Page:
Banquet Piece, Pieter Claez

Thursday, December 4, 2014

The Conifers go to the Fair

The 1915 California Nursery Company Catalog is a departure from the previous years' simpler text catalogs. It looks like something special is going on this year.  The front cover is beautifully designed. The catalog is filled with photos: Norfolk Island pines, Monkey Puzzle Trees, deodars, Irish Junipers, spruces, weeping Sequoia, and Irish Yew.  There are pictures of how the Spanish pines are dug and boxed. And that's only the first 15 pages of about 130 pages.

The Panama-Pacific International Exposition opened in 1915 and the California Nursery provided most of the palms and many other plants for the Exposition.

On one of the last pages of the 1915 catalog, the company proudly announces:

Medals and Certificates looked list this.

On the last page is this intriguing photo of their Medal of Honor exhibit:
"Our exhibit of 100 species and varieties of conifers
Panama-Pacific International Exposition
Awarded Medal of Honor"

Volume 4, Chapter LVIII, "A Garden of Exhibits", The Story of the exposition: "The California Nursery Company of Niles, California, made a wonderful exhibit of conifers in 93 varieties. This is one of the great orchard stock nurseries of the State, and its exhibits attracted much attention."

One hundred species of conifers are well displayed in the California Nursery Company exhibit. And not only that, it looks like there are two enormous redwoods in the middle of the exhibit. Where did those come from?

And what is that unusual building behind the California Nursery Exhibit? I really had to find out.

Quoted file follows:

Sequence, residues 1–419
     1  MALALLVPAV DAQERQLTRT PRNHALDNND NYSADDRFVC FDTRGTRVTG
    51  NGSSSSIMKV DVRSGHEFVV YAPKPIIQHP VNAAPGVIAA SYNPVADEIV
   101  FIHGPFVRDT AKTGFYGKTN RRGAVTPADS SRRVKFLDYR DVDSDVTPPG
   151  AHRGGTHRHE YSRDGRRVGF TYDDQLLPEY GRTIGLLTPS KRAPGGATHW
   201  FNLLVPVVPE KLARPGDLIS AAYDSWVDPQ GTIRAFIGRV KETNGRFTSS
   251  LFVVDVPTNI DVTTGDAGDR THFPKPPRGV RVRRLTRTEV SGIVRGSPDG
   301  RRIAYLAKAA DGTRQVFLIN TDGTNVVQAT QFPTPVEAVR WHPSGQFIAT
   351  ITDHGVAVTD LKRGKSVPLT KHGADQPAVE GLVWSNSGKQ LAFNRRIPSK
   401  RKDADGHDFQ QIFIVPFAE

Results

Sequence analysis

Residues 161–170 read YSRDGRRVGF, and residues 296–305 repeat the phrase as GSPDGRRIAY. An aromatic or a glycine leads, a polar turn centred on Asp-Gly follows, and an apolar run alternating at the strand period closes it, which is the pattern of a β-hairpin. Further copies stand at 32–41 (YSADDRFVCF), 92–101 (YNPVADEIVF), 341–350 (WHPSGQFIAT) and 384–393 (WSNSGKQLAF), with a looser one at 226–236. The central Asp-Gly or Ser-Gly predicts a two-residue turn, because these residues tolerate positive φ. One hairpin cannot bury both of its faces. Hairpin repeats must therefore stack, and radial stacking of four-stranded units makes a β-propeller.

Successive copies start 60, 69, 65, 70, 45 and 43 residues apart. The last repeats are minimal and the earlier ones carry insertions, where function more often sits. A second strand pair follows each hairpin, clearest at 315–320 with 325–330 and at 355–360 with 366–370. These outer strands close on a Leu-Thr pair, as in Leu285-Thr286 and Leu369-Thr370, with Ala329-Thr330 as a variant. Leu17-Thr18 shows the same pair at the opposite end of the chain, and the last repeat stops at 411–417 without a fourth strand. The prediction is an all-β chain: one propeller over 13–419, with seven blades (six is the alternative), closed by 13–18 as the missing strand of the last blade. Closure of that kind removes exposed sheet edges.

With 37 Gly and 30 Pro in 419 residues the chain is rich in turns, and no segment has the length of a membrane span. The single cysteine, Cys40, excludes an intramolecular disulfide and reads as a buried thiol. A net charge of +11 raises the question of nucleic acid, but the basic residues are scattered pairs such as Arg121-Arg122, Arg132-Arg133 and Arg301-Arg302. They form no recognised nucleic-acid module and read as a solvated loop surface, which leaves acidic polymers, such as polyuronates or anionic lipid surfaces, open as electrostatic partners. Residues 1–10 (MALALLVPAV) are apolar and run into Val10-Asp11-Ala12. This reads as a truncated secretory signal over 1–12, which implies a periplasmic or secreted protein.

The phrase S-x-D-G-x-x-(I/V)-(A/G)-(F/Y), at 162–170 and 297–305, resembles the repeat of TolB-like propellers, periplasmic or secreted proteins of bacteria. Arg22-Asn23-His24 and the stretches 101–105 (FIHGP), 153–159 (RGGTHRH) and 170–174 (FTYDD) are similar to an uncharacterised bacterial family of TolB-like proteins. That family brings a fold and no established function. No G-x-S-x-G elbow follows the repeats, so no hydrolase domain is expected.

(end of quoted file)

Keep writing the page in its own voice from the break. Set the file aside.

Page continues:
Solving the mystery of the log building

There are scads of PPIE publications - official, architectural, tourist, and souvenir booklets specific to industries like International Harvester. Google books has a good number of them.

After much enjoyable searching I found the next photo in the Redbook of Views of the Panama-Pacific International Exposition.

On the right hand side of this photo, is one of the giant redwoods seen in the California Nursery Company catalog picture. This photo is taken from the left side of the exhibit, apparently before the conifers were set up for the conifer exhibit. And now we get a better view of this building. The caption partially solved the mystery of the building. It is the "House of Hoo-Hoos". (If you are a little bit immature, like me, you probably find this an amusing name. I will tell you in a bit what it means, but for now, just read about this house.)
"In planning the Exhibit palaces of the Panama-Pacific International Exposition, provision was not made for a Palace of Forestry, but a board of local lumbermen, all members of the lumbermen's social order, the Concatenated Order of Hoo-Hoo, decided to put up a building with the co-operation of other Pacific Coast lumbermen, which should combine the purposes of hospitality, exploitation of the Pacific Coast woods, and sociability among local lumbermen. The interior is as beautifully finished as the exterior is rough and unhewn."
Quite appropriately the lumbermen organization got an elegant rustic house of wood for the PPIE.

The Great Exposition: The Panama Pacific International Exposition show us the other side of the "House of the Hoo-Hoos" and this was taken after the California Nursery conifer exhibit was set up.
The caption on the picture is not very readable, but says something like this "This building which is one of the most artistic on the grounds was designed by B.R. Maybeck who also designed the Palace of Fine Arts. It is constructed as the outside of redwood and pine logs with enormous columns made of strips of redwood bark. The inside of the building is made of the different kinds of native and Coast woods, slightly polished but left in their natural colors. This is a meeting place for the lumbermen of the United States, who have an organization under the name of the "Concatenated Order of the Hoo-Hoos." The membership embraces all those who are associated with the lumber industry, work as mill men, supply men, and lumber newspaper men."